Baby colic and cry

Me, trying to calm down my daughter

Let’s start from the basics: babies cry. It’s their (only) way to communicate.

The evening crying of infants is usually associated with colic. In a paper of 1954 Dr. Wessel defined “colic” the crying of babies with the 3-rule: for more then 3 hours, for more then 3 days a week, for more then 3 weeks in a raw.

Medically speaking colic are caused by the rapid distension of the abdominal wall due to transit of air bubbles. The causes are not completed uncovered, but the possible triggering effects are:

  • lactose intolerance
  • excessive air swallowing
  • unbalanced microbiota
  • hormonal imbalance (e.g. motilin, which regulates the intestinal activity)

This period of evening crying usually happens between the third week and the third month of life. Even if the crying tests the parents’ patience, it is a signal of physiological development useful for children.

Wolke and collaborators published in 2017 a systematic review on fussing and crying duration in babies. On average, the mean cry was 117-133 minutes in the first 6 weeks and dropped to 68 minutes by 10-12 weeks. What is interesting is that not in every country the duration of the crying is the same, or at least similar. Children raised in Denmark and Japan show lower crying duration and a lower incidence of colic.

On hundreds of babies only a few actually suffer from colic, most of them are just crying babies. Why? Maybe they are tired, or hungry, or wet, or cold, or they just want to be cuddled.

What strategies can be helpful with a crying baby?

  • Skin-to-skin contact
  • Talking with a deep, reassuring voice
  • Massage
  • Reduce visual and auditory stimuli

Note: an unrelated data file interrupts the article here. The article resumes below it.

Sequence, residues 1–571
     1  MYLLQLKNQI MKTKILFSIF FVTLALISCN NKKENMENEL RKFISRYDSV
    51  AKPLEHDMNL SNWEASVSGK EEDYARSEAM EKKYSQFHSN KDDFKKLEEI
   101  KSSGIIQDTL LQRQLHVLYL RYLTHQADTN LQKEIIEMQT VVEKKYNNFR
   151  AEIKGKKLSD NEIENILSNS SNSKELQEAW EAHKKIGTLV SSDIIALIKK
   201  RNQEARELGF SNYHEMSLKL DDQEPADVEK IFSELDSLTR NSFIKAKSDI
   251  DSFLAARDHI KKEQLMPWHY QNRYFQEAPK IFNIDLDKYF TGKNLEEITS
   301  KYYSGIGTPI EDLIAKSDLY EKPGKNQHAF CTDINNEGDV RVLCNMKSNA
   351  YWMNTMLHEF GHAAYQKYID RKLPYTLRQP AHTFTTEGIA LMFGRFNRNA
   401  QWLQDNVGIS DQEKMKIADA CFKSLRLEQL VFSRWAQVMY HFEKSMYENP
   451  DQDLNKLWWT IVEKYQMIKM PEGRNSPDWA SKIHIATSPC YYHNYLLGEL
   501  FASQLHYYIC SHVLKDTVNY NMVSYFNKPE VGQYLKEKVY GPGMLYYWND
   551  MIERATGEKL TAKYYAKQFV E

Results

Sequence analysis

• Walk
  • Lavender bath oil
  • Behavioral approach

In 2002 Sleep and collaborators published the results of an interesting study about sleeping strategies. UK mothers of 610 children where divided intro three groups: behavioral policy, educational intervention and existing services. Mothers in the behavioral group were asked to feed their children between 10 pm and 12 am, try bot to rock, hold or feed babies to sleep, after three weeks to lengthen the interval between night feeds by resettling baby without feeding. Mothers in the educational group were given an 11 page information booklet. Mothers in the control group received the standard community services. Results show that there is no completely right or wrong way to care for babies in the early weeks. The application of a behavioral routine, though, could lead to an improvement of number of nights per week in which babies sleep for 5 hours.

Field et al. published in 2008 the results of a study in which they asked mothers to give bath to their children with or without lavender-scented bath oil. The mothers in the lavender bath oil group were more relaxed and their babies cried less and spent more time in deep sleep after bath.

References:

  • Field et al., “Lavender bath oil reduces stress and crying and enhances sleep in very young infants”, Early Human Development, 2008, 84:399-401, https://doi.org/10.1016/j.earlhumdev.2007.10.008
  • Sleep et al., “A randomized controlled trial to compare alternative strategies for preventing infant crying and sleep problems in the first 12 weeks: the COSI study”, Primary Health Care Research and Development, 2002, 3:176-183, https://doi.org/10.1191/1463423602pc105oa
  • Wessel et al., “Paroxysmal fussing in infancy, sometimes called “colic””, Pediatrics, 1954, 14:421-435
  • Wolke et al., “Systematic review and meta-analysis: fussing and crying durations and prevalence of colic in infants”, The journal of pediatrics, 2017, 185:55-61, https://doi.org/10.1016/j.jpeds.2017.02.020

Published by Martina Bodner

Biotechnologist, PhD Candidate in Food Chemistry, Science Teacher, STEM and autism advocate, mother.

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